So on the bottom you’ve got countries like Myanmar and Cambodia and Loas who are very child heavy and they can be a workforce not just now but decades into the future. So if the money is made available, if the regional demand for the services is there, you have a very large, low skilled workforce. In the middle you’ve got a lot of countries like say Vietnam particularly, but also Indonesia and to a lesser degree Malaysia, who are a little bit older, don’t have a lot of kids relative to the overall population structure, but a lot of people who are age 20 to 45. And these are countries that, as a rule, are kind of having their day right now. The more problems that the Chinese have with keeping investment, the more diversified folks are looking to make their supply chains globally, the better these countries look. Vietnam in particular, is getting in on this in a very big way with education. And about 40% of their college graduates are in STEM. You know, that’s like four times the global average. And then at the top, you’ve got a number of societies like Singapore and Thailand, which are aging pretty quickly. They had their day as a low cost wage destination a couple decades ago. And now you’ve got a lot of people who are in their forties, fifties and even early sixties. They’re aging quickly. Looks a lot more like Northeast Asia than the rest of their neighborhood. But the accrued technical skills in these populations is huge. And plus, especially in a place like Singapore and Thailand, punches well above its weight as a mid-range destination. And having these all in the same neighborhood really helps with manufacturing.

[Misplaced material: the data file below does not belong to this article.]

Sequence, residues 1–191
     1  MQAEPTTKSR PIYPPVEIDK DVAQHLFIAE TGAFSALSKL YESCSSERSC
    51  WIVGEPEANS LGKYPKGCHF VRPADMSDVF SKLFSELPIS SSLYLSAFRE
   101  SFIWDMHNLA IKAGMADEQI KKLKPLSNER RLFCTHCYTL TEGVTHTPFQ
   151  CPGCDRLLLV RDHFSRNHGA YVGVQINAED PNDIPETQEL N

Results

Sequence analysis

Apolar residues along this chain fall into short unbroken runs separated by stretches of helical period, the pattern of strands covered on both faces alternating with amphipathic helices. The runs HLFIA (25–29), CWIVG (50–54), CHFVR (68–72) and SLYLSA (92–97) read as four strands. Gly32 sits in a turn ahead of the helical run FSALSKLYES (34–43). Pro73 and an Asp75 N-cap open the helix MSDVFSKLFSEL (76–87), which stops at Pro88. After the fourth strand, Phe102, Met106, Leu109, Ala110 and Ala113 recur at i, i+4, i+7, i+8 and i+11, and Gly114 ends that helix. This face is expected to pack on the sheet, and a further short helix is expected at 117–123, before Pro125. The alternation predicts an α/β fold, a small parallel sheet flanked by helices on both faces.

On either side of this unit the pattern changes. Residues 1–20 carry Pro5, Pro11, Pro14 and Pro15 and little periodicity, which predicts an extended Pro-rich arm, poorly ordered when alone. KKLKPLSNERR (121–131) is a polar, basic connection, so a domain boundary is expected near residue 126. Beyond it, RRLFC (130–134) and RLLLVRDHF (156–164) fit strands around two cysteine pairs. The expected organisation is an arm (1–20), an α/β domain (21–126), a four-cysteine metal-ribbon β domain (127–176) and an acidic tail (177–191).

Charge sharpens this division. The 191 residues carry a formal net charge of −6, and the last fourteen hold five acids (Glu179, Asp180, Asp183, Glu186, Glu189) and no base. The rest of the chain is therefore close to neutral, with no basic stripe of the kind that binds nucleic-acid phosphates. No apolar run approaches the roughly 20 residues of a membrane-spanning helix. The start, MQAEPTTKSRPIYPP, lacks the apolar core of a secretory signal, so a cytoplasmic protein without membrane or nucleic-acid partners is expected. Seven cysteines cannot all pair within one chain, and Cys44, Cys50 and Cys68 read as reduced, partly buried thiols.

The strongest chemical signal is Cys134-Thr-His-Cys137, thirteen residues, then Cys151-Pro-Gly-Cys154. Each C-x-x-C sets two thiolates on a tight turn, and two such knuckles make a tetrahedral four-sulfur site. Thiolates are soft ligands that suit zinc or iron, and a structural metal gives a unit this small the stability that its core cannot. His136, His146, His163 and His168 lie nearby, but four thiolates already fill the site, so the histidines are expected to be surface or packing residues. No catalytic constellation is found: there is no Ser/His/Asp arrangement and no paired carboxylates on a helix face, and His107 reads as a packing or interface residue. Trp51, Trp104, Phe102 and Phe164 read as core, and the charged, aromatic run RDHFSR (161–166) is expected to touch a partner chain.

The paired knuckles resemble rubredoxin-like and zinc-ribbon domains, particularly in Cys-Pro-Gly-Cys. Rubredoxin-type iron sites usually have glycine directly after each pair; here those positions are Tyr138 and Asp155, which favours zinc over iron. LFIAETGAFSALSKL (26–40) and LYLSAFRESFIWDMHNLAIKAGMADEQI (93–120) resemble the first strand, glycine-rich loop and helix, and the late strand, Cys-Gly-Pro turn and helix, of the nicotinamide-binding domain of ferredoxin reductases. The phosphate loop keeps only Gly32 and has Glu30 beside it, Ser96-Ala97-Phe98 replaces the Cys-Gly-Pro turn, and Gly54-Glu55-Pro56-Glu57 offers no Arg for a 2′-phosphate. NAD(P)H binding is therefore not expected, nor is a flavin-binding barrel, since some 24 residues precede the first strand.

So one of the things you want to do for the more complex manufacturing products, whether it’s cell phones or electronics or computing, is not everything requires the same skill set. The person who does the injection molding is not the person who does the wiring harness, is not the person who does the chips, is not the person who does the assembly. Each of these has a different wage structure, and in that sort of environment, variety is everything. And proximity is everything. And this is the world’s most differentiated workforce, all within the same region. So you throw a little bit of Japanese or American technology in there, maybe some Chinese assembly on the back end. And this area is set to boom.

Best part yet because this region is made up of mountains and peninsula shores and islands and jungles. They’ve never had a history of going to war with one another because they can’t get to one another. So they don’t have the history of animosity that we see in, say, Europe or Northeast Asia. Add it all up. And this is the part of the world that I expect to grow the most rapidly in the 30 years to come with demography at its heart.

Alright. That’s it for now. See you next time.

Recommended Posts